Introduction and history to programming
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INTRODUCTION AND HISTORY TO PROGRAMMING. Introduction. “The best way to learn programming is to type in code, make typos, fix your typos, and become physically familiar with the patterns of the language.“

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  • “The best way to learn programming is to type in code, make typos, fix your typos, and become physically familiar with the patterns of the language.“

  • “…programming in general much more pleasant if you know how to touch-type. Touch-typing, besides being much faster enables you to look at your screen and book instead of at the keyboard.”

  • “The life of a programmer is mostly a never-ending struggle. Solving problems in an always-changing technical landscape means that programmers are always learning new things.”

    Aaron Hillegass in Objective-C Programming

Assembly code
Assembly Code

  • Very lowest-level programming language

  • Programmer describes every step that the CPU (the computer’s brain) must take

  • Assembler takes this code and transforms it into machine code

  • Code is tediously long-winded and CPU-dependent (must be rewritten if used on different type of computer)

High level languages
High-Level Languages

  • Developed to make code that could be easily moved from one type of computer to another

  • Express instructions in a general way

  • Program (called a compiler) would transform that code into highly-optimized, CPU-specific machine code

C language
C Language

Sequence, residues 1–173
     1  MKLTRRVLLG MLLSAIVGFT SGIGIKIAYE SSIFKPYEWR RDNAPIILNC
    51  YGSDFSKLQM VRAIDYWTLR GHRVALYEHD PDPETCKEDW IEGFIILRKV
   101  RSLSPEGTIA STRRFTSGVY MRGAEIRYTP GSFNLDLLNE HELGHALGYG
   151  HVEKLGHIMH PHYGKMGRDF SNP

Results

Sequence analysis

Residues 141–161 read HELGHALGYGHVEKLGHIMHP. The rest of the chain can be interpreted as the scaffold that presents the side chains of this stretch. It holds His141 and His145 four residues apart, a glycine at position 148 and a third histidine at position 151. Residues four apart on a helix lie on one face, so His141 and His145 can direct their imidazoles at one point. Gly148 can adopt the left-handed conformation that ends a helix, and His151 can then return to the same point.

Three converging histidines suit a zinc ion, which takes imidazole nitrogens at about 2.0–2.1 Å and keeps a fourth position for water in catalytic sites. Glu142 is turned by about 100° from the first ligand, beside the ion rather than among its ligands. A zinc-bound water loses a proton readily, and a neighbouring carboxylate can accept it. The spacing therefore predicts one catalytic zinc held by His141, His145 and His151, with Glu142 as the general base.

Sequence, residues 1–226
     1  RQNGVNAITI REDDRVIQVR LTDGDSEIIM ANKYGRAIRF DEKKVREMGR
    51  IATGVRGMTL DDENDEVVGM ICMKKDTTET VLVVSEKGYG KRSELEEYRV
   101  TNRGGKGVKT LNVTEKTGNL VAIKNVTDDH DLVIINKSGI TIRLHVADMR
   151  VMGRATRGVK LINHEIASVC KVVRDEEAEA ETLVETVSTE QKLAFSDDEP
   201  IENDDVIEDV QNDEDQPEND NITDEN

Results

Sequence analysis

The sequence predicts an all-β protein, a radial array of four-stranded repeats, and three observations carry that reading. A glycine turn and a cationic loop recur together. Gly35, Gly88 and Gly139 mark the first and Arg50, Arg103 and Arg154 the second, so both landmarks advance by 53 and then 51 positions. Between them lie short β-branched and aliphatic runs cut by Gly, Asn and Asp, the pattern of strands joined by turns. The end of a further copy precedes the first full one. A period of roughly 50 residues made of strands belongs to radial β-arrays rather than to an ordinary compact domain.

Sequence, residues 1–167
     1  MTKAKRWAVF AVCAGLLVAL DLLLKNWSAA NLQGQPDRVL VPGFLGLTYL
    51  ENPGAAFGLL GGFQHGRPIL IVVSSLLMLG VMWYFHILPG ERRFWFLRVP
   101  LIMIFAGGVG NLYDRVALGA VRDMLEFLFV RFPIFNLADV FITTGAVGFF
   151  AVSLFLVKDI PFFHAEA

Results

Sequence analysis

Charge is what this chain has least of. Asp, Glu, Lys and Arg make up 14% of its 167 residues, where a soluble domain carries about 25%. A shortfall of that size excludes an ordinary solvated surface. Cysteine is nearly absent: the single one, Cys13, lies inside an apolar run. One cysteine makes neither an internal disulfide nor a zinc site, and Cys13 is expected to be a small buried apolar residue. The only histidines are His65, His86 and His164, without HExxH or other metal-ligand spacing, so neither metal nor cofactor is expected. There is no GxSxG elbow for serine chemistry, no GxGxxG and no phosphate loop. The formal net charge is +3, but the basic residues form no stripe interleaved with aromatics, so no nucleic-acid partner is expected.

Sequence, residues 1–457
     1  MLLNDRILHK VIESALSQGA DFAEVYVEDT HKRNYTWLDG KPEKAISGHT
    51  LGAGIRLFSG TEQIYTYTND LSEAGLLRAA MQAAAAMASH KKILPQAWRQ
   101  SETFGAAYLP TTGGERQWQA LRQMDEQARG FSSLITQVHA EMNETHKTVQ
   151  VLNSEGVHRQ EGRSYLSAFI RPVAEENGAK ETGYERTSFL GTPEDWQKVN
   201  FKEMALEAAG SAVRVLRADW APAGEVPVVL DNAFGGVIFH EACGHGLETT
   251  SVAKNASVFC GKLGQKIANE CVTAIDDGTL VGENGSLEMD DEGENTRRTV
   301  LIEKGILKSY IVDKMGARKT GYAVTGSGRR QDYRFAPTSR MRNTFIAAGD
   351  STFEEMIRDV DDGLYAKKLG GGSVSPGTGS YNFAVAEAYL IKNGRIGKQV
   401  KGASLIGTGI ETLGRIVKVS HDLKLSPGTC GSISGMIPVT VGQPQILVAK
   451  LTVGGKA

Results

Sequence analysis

• The C language was invented at Bell Labs by Dennis Ritchie in 1972 to allow the writing of the UNIX operating system, then developed by Ken Thompson and Dennis Ritchie.

What is c
What is C?

  • Called a compiled language—must run it through a C compiler to turn your program into an executable that the computer can run

  • Commercial compilers cost hundreds of dollars but there are free compilers available on the Web

Objective c programming language
Objective-C Programming Language

  • Cross-platform language

  • Based on C Language but adds support for object-oriented programming

Objective oriented programming
Objective-Oriented Programming

  • Introduced when programs began to get very large and the structure of the code began to get in the way

  • Allows programmers to wrap whole sections of their code into easily handled, self-contained objects

  • Secret behind object-oriented programming: divide and conquer

Program basics using c and objective c
Program Basics Using C and Objective-C

What happens when you run a program
What Happens When You Run a Program?

  • File is copied from the file system into memory (RAM)

  • Instructions in that file are executed by computer

  • Instructions are hard to make out to humans

  • Humans write computer programs in a programming language

Code and comments
Code and Comments

  • Two kinds of information in a program: code and comments

  • Code is the set of instructions that tell the computer to do something

  • Comments are ignored by the computer, but used by programmer to document code that is written

    • Designated by // at the beginning of line of code to end of that line

    • Designated by /* and */ to mark beginning and end of comment

Introduction and history to programming
Main( )

  • A function is a list of instructions for the computer to execute, and every function has a name

  • C or Objective-C programs must have one special function called Main—called when a program first starts

  • Main( ) is the point where execution begins when the program is running

  • Following the “main” program name is a couple of parentheses which indicate to the compiler that this is a function

  • General practice is to place main as the first function

main ( )



Two curly brackets
Two Curly Brackets

  • Statements defining the function are enclosed in a pair of braces { } called braces

  • Indicates the beginning and the end of a block of code

  • Each expression statement must end with a semicolon

  • Used to specify the limits of the program itself

main ( )




  • A package of code that someone else has written to make your life easier

  • Standard I/O library

    • Read input from the keyboard called standard in

    • Write output to the screen called standard out